Both the FDA and generic drugmakers say that the generics are clinically identical to the brand named medications, but is this always the case?

Generic drugs have to meet the requirements of the FDA which requires ”90% confidence intervals for maximal concentration and the area under the concentration-time curve must be no less than 80% and no more than 125% of the means for the branded drug”, according to MedPage Today.  In other words, yes there can be some variation. 

This variation may or may not be a problem.  It can be serious if the disease requires very specific blood levels of the drug, however, such as in a seizure disorder.  

Carbamazepine (Tegretol) is a drug used to treat seizure disorders.  The levels of the drug need to be predictable, reliable and effective, otherwise a seizure may occur.  In a recent study at John Hopkins University, generic versions varied markedly in FDA-sanctioned bioequivalence studies.  So in the case of carbamazepine, this variability could have significant clinical consequences for patients who switch from the branded product or from one generic version to another.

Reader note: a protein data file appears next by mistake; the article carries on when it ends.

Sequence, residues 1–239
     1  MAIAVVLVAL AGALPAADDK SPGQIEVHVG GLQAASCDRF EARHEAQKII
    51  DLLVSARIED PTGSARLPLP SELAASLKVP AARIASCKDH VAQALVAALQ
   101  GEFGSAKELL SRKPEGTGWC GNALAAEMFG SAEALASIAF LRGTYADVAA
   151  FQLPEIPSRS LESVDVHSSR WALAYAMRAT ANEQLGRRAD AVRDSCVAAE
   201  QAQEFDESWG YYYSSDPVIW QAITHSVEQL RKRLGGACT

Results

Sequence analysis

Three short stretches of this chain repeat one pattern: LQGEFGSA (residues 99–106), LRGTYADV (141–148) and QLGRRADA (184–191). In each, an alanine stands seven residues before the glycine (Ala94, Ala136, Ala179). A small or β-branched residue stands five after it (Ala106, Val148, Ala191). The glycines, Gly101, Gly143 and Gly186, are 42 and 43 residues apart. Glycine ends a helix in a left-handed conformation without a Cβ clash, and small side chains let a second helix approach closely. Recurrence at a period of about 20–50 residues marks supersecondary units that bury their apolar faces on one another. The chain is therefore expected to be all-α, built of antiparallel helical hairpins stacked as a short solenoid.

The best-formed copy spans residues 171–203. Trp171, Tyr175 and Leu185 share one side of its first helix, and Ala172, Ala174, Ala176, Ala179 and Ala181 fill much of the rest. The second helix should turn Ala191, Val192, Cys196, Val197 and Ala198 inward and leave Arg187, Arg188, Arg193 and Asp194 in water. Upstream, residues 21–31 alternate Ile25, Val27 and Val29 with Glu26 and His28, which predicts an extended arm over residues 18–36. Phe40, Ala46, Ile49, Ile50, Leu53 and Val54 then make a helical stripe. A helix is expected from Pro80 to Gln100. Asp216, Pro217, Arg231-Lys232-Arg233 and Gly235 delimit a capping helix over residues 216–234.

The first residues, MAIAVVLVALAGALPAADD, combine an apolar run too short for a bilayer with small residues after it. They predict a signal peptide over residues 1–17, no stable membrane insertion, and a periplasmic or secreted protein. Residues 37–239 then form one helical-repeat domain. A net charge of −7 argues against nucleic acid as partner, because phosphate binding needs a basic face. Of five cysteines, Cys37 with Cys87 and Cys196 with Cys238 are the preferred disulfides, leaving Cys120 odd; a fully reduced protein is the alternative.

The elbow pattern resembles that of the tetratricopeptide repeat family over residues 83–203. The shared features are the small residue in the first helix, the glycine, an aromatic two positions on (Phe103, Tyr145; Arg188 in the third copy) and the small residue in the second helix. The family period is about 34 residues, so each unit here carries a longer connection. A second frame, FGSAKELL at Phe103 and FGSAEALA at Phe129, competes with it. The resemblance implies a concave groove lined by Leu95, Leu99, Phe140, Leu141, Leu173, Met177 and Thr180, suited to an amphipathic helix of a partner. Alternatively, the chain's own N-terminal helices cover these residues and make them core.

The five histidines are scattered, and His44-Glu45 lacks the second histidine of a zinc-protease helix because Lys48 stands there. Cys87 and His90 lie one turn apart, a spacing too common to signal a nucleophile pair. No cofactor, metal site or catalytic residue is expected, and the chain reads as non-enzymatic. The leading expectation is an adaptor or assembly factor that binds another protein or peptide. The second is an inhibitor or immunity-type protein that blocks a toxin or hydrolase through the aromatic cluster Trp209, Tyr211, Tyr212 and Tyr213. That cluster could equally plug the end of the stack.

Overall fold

Another drug of concern is generic thyroid.   Fortunately a blood test (TSH) can determine if you’re getting the right amount of thyroid medication, but it should only be done two months after taking the medication on a daily basis. Also, the problem might arise if the pharmacy switches generic brands, which they have been known to do.  So if you have a choice, choose the brand name when it comes to thyroid medicine. If you’re forced to take the generic option, let your doctor know and pay attention to the color and appearance of the pill.  If it ever changes, ask the pharmacist.  If the pharmacy does switch generics, let your doctor know so a blood test can be scheduled.